It seems every time I write a column about recycling, I get to recycle it. Last week was no exception.
People e-mailed comments that touched me. Teri McGahee, whose grandmother made nylon stocking rugs like my mother's, said: "Your article brought a lot of reflection."
Jay Hickson said he remembers his grandfather pointing out his wedding suit in one of his grandmother's throw rugs. Then there was the one from Michelle Lubak who lived next door to my mother for 10 years in Pennsylvania. "I remember Aggie always using her stockings and rags to make things with. They turned out so awesome. Her talent sometimes went unnoticed."
Touching, yes. Because growing up I never noticed anything "awesome" about her rags, er, I mean, rugs. On a different note, I was tickled to hear of efforts to recycle in a new, old-fashioned way.
Gloria Bantekas, a founder of Gwinnett's Tiny Stitches, an organization that serves needy newborns, said, "When Tiny Stitches first started out, we took clothing we couldn't use for infants to a place in Dawsonville. It was a sort of re-run shop. The women's guild of Big Canoe bought them a floor loom which they used to make rugs ... mostly out of used denim. They were quite nice and they sold them. I have often wondered what happened to the loom."
Sue Martinson, my knitting mentor, told me, "Caron ECO yarn is 80 percent polyester and 20 percent soda bottles. On the label, it says that a scarf keeps one plastic bottle out of landfill, and an Afghan keeps 10 from the pile."
A fellow columnist, Phyllis Johnson who pens "Your Corner" for The Virginian-Pilot wrote to me about a local librarian, Jean Carideo, who used to make and exhibit quilts from men's ties. I say "used to" because Carideo said, "I realized that it was time to stop when I started picturing myself cutting up the ties of men who were still wearing them."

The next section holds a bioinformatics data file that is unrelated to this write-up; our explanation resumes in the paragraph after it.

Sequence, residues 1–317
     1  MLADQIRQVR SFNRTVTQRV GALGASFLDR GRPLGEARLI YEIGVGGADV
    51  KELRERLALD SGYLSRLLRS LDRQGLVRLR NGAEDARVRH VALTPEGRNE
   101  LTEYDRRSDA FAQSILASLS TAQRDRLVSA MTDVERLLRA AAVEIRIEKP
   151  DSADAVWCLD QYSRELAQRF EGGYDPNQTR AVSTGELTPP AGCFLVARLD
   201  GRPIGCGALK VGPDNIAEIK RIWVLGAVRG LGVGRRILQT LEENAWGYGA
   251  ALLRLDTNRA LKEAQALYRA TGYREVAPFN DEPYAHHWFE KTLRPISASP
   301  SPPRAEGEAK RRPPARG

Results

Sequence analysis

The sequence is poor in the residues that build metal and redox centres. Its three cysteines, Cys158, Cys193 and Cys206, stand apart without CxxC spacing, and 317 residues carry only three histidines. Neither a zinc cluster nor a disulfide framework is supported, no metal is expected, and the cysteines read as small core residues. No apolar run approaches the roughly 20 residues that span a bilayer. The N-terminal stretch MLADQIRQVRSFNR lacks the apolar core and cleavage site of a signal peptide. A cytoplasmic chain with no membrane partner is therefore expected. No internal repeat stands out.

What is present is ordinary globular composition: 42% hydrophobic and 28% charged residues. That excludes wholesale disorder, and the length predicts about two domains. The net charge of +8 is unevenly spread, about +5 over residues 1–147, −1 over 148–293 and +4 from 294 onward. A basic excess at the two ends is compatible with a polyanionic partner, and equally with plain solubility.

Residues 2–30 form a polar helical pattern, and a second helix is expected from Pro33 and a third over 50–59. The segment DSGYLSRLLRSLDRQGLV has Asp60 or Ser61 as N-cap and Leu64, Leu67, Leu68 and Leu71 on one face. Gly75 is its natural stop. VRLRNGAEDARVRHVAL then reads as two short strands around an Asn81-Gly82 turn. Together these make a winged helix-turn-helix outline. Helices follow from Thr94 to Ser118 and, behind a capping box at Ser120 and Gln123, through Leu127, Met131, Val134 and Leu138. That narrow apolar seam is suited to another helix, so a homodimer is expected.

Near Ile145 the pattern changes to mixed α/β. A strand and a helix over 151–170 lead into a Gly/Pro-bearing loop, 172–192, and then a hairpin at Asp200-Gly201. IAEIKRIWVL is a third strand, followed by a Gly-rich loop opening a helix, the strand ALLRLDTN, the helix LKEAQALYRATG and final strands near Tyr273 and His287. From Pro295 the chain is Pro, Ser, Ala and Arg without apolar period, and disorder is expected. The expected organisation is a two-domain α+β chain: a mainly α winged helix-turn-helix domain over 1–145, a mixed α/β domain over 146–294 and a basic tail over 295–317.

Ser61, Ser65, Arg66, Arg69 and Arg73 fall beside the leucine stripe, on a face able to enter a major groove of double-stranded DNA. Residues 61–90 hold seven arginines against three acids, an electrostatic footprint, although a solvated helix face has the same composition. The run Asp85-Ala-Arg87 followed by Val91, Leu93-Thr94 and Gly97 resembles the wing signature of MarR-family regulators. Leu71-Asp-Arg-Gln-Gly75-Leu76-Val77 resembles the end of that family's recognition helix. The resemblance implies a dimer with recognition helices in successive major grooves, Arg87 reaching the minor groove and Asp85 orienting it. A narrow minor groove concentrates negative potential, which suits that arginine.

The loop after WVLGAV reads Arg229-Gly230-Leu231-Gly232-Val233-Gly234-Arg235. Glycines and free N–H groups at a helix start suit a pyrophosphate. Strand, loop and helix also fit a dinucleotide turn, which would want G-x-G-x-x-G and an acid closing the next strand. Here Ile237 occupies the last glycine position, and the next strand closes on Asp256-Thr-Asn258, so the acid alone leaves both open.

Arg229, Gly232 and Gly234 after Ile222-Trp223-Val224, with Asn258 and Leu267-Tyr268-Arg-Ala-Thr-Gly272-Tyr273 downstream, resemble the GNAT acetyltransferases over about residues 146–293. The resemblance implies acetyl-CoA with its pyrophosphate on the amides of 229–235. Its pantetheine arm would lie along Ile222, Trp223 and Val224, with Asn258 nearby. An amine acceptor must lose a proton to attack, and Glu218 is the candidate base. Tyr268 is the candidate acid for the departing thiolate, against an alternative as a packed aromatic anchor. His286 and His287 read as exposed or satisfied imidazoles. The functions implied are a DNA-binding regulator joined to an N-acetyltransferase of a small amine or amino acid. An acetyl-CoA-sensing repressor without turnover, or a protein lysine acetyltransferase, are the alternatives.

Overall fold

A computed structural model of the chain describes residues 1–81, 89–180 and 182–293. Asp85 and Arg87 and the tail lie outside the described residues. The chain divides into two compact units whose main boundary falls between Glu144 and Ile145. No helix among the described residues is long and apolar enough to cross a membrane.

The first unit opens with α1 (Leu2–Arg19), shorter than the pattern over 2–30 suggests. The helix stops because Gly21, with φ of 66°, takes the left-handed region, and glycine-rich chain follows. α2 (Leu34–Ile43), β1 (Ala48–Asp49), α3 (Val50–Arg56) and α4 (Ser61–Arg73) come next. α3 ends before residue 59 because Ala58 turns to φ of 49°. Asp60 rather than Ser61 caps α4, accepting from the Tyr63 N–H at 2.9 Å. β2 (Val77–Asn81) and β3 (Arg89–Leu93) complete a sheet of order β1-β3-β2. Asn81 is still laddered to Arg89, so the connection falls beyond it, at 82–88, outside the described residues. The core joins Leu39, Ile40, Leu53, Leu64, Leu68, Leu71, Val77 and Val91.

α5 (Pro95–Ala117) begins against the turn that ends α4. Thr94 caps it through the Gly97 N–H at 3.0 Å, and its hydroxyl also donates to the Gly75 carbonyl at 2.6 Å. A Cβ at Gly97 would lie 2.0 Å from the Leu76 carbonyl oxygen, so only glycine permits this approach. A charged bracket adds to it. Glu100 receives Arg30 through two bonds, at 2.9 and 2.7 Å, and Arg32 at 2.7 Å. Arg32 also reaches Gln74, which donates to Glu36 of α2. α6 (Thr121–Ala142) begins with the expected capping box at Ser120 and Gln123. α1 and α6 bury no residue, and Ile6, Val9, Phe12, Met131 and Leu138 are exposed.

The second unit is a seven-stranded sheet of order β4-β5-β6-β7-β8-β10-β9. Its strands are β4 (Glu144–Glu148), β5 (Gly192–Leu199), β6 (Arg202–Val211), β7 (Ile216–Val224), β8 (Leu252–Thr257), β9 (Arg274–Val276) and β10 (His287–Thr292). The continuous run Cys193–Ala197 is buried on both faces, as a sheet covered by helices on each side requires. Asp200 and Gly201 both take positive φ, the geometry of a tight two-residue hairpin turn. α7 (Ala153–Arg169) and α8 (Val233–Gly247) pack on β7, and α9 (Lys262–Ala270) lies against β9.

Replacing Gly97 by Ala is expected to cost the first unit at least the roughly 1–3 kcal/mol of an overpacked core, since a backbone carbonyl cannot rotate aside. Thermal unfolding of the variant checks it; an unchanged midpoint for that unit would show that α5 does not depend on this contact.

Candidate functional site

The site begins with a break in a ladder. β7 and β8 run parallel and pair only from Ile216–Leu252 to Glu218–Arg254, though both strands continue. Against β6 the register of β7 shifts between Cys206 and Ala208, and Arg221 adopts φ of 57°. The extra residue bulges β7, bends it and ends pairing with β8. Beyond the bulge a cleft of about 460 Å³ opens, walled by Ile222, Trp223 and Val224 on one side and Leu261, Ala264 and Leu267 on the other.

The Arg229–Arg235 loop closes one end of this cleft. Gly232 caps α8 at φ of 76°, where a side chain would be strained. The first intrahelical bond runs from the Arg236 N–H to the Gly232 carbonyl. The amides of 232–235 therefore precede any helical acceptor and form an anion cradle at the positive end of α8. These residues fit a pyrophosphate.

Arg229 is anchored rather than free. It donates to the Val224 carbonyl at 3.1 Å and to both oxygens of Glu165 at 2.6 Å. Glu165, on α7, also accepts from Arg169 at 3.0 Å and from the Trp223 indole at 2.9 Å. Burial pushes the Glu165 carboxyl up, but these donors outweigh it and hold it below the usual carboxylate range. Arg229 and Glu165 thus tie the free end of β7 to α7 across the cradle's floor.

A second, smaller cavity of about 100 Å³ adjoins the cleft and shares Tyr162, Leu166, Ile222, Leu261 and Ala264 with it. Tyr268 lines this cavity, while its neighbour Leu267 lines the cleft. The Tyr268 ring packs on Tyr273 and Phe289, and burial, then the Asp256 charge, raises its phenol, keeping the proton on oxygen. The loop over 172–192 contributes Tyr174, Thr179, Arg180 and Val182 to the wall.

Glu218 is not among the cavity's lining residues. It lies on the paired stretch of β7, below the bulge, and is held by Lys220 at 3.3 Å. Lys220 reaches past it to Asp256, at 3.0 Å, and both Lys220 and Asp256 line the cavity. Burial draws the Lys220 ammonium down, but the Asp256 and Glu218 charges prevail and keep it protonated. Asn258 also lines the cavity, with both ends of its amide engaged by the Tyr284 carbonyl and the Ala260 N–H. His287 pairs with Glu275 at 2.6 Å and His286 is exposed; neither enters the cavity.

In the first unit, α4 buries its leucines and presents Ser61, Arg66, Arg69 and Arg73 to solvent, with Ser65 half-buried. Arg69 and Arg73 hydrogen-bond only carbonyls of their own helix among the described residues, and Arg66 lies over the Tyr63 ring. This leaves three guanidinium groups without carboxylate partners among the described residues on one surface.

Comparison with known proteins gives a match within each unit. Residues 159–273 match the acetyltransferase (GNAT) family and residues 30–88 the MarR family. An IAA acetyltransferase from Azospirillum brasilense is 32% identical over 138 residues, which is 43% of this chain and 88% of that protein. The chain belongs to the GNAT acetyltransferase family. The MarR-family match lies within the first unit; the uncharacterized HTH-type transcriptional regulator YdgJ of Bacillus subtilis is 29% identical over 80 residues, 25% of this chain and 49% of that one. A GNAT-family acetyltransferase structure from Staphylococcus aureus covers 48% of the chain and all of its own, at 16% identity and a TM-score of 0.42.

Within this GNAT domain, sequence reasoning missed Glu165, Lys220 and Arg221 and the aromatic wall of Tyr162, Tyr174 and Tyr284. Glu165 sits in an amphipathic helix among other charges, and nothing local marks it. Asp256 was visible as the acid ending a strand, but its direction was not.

Rosanne Larkins of Dacula advocates the Nike Reuse A Shoe Program. "Old sneakers are ground up to make athletic surfaces such as ball fields, running tracks and playground surfaces. I've done that the last several years for Earth Day projects at Dacula Elementary School."
Donna Paige of Eatonton, wrote to say that instead of messing with recycling plastic grocery bags, she uses fabric bags from the grocery store. But what do you do with the plastic bags you already have cluttering your house? Can't you do something more resourceful than haul them off to be dealt with by someone else?
Larkins has the answer. "I haven't done it myself yet, but as part of my representing my company, Defining Time and Space, as the enviro person with the Gwinnett Clean and
Beautiful meetings I learned that similar to your mother's rugs with stockings, you can weave rugs made of grocery bags."
You can see for yourself www.instructables.com/id/Plastic-Bag-Rug/.
Susan Larson is a Lilburn resident. E-mail her at firstname.lastname@example.org.